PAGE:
Advertisement

The Welfare Effects of Environmental Taxation and Subsidization on Renewable Energy Sources in an Oligopolistic Electricity Market

  • Isamu MatsukawaEmail author
Chapter
  • 30 Downloads

Abstract

This chapter investigates the impact of environmental taxation and subsidization on non-polluting renewable power plants. Their dispatch is prioritized in a wholesale electricity market in which oligopolistic firms produce electricity both from polluting fossil-fuel inputs and non-polluting renewable energy sources, and competitive fringe firms produce electricity only from non-polluting renewable energy sources. To examine the welfare impacts of levying a tax on emissions of pollutants from fossil-fuel power plants and granting subsidies to renewable power plants, this chapter develops a three-stage model with the endogenous capacity of renewable power plants, forward contracts on electricity, and the operation of fossil-fuel power plants. An emission tax imposed on fossil-fuel use is expected to discourage firms from operating their fossil-fuel power plants, thereby promoting substitution of renewable energy sources for fossil-fuel inputs. A subsidy provided to firms building renewable power plants is expected to reduce the setup costs, thereby promoting the use of renewable energy sources. Using simulations, this chapter makes a welfare comparison between an emission tax on fossil-fuel use and a subsidy for renewable power plants and analyzes how these environmental policies affect a wholesale electricity market.

Notes

Acknowledgements

This work was supported by JSPS KAKENHI Grant Number 18K01626.

References

  1. 1.
    Abrella J, Koscha M, Rausch S (2019) Carbon abatement with renewables: evaluating wind and solar subsidies in Germany and Spain. J Public Econ 169:172–202CrossRefGoogle Scholar
  2. 2.
    Acemoglu A, Kakhbod A, Ozdaglar A (2017) Competition in electricity markets with renewable energy sources. Energy J 38(SI):137–155Google Scholar
  3. 3.
    Aldy J, Gerarden T, Sweeney R (2018) Investment versus output subsidies: implications of alternative incentives for wind energy. In: NBER working paper 24378Google Scholar
  4. 4.
    Allaz B, Vila J (1993) Cournot competition, forward markets, and efficiency. J Econ Theor 59(1):1–16zbMATHCrossRefGoogle Scholar
  5. 5.
    Annan-Phan S, Roques F (2018) Market integration and wind generation: an empirical analysis of the impact of wind generation on cross-border power prices. Energy J 39(3):1–23CrossRefGoogle Scholar
  6. 6.
    Ardian F, Concettini S, Creti A (2018) Renewable generation and network congestion: an empirical analysis of the Italian power market. Energy J 39(SI2):3–39Google Scholar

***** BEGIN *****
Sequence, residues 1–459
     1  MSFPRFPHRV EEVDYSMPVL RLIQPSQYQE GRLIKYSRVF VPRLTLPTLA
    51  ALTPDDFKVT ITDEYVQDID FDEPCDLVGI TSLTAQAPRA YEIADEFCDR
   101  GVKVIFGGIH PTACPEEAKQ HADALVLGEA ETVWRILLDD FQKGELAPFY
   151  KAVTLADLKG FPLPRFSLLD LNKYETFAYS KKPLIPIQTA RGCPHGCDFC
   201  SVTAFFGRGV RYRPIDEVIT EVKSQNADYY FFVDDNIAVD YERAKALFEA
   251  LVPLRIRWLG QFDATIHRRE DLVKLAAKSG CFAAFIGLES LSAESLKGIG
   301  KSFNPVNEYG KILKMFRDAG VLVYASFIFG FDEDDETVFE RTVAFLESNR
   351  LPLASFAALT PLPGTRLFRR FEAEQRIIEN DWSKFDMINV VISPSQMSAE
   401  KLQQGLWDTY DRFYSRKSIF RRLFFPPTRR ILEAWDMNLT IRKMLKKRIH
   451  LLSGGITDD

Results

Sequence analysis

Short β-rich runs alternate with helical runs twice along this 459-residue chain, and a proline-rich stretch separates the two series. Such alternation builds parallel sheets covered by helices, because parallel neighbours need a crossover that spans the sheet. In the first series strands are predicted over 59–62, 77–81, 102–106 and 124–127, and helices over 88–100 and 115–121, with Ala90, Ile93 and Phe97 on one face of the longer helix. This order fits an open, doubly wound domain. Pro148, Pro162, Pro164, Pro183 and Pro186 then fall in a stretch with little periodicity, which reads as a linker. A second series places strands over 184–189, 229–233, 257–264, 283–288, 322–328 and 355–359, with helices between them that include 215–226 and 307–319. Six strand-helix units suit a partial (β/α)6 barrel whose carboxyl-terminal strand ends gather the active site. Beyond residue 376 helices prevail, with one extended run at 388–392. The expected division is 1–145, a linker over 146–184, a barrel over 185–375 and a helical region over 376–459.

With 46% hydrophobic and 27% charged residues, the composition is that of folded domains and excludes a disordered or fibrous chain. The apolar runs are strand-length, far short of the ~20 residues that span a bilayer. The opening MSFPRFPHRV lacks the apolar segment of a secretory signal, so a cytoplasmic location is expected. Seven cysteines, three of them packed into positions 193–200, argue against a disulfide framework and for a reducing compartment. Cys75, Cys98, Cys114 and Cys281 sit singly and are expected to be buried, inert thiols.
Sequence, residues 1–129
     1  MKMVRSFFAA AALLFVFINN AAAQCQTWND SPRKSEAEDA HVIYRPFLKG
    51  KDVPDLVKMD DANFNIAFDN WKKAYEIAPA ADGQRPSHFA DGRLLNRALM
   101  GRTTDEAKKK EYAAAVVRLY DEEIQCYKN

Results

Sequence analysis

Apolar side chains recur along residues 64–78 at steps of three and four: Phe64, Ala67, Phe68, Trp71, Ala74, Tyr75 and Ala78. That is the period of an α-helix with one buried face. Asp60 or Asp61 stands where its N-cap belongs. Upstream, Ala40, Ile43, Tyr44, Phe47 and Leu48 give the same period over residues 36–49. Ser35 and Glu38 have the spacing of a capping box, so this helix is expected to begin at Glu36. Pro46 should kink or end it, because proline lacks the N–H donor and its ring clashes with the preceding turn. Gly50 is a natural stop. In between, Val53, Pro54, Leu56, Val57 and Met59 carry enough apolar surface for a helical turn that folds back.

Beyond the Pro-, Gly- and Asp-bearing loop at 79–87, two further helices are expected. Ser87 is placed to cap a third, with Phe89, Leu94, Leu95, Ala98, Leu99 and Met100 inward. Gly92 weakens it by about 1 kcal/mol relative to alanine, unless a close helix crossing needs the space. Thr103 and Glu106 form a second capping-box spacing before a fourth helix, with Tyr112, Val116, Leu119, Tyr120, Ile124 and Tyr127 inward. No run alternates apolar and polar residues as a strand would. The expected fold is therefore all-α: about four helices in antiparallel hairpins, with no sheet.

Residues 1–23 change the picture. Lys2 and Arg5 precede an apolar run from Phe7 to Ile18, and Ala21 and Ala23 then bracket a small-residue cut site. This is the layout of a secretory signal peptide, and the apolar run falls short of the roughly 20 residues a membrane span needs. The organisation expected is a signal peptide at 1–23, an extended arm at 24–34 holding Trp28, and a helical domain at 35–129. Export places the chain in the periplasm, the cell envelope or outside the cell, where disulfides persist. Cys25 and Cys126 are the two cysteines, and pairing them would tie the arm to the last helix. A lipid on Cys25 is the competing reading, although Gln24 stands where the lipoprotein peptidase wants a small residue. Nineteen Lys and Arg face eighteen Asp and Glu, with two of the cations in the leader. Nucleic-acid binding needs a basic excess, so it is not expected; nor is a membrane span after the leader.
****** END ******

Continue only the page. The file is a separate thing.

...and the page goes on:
7. 7.
    Arimura T, Iwata K (2015) An evaluation of Japanese environmental regulations. SpringerGoogle Scholar
  8. 8.
    Ben-Moshe O, Rubin O (2015) Does wind energy mitigate market power in deregulated electricity markets? Energy 85:511–521CrossRefGoogle Scholar
  9. 9.
    Bhandari V, Giacomoni AM, Wollenberg B, Wilson EJ (2017) Interacting policies in power systems: renewable subsidies and a carbon tax. Electr J 30(6):80–84CrossRefGoogle Scholar
  10. 10.
    Brown D, Eckert A (2018) Imperfect competition in electricity markets with renewable generation: the role of renewable compensation policies. In: Working paper 2018-12. University of Alberta, Department of EconomicsGoogle Scholar
  11. 11.
    Bushnell J, Novan K (2018) Setting with the sun: the impacts of renewable energy on wholesale power markets. In: Energy Institute Working Paper 292, Energy Institute at HaasGoogle Scholar
  12. 12.
    Butler L, Neuhoff K (2008) Comparison of feed-in tariff, quota and auction mechanisms to support wind power development. Renew Energy 33(8):1854–1867CrossRefGoogle Scholar
  13. 13.
    Ciarreta A, Espinosa MP, Pizarro-Irizar C (2017) Has renewable energy induced competitive behavior in the Spanish electricity market? Energy Policy 104:171–182CrossRefGoogle Scholar
  14. 14.
    Cludius J, Hermann H, Matthes FC, Graichen V (2014) The merit order effect of wind and photovoltaic electricity generation in Germany 2008–2016: estimation and distributional implications. Energy Econ 44:302–313CrossRefGoogle Scholar
  15. 15.
    Couture T, Gagnon Y (2010) An analysis of feed-in tariff remuneration models: implications for renewable energy investment. Energy Policy 38(2):955–965CrossRefGoogle Scholar
  16. 16.